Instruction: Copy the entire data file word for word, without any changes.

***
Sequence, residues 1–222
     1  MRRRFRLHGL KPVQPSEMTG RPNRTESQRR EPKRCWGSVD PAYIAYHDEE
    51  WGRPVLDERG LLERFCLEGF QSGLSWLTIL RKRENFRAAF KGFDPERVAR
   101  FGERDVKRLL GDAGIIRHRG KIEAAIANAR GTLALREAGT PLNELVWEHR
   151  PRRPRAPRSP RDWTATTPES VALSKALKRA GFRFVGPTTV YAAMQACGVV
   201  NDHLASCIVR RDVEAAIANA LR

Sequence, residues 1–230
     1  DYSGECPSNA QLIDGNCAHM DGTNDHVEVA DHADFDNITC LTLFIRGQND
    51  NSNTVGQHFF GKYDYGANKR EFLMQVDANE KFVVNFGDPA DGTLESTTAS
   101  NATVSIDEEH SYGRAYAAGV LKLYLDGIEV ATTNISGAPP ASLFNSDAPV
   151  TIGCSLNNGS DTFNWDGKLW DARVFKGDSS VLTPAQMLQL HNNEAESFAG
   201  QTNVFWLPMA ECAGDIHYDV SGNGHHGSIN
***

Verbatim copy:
Sequence, residues 1–222
     1  MRRRFRLHGL KPVQPSEMTG RPNRTESQRR EPKRCWGSVD PAYIAYHDEE
    51  WGRPVLDERG LLERFCLEGF QSGLSWLTIL RKRENFRAAF KGFDPERVAR
   101  FGERDVKRLL GDAGIIRHRG KIEAAIANAR GTLALREAGT PLNELVWEHR
   151  PRRPRAPRSP RDWTATTPES VALSKALKRA GFRFVGPTTV YAAMQACGVV
   201  NDHLASCIVR RDVEAAIANA LR

Sequence, residues 1–230
     1  DYSGECPSNA QLIDGNCAHM DGTNDHVEVA DHADFDNITC LTLFIRGQND
    51  NSNTVGQHFF GKYDYGANKR EFLMQVDANE KFVVNFGDPA DGTLESTTAS
   101  NATVSIDEEH SYGRAYAAGV LKLYLDGIEV ATTNISGAPP ASLFNSDAPV
   151  TIGCSLNNGS DTFNWDGKLW DARVFKGDSS VLTPAQMLQL HNNEAESFAG
   201  QTNVFWLPMA ECAGDIHYDV SGNGHHGSIN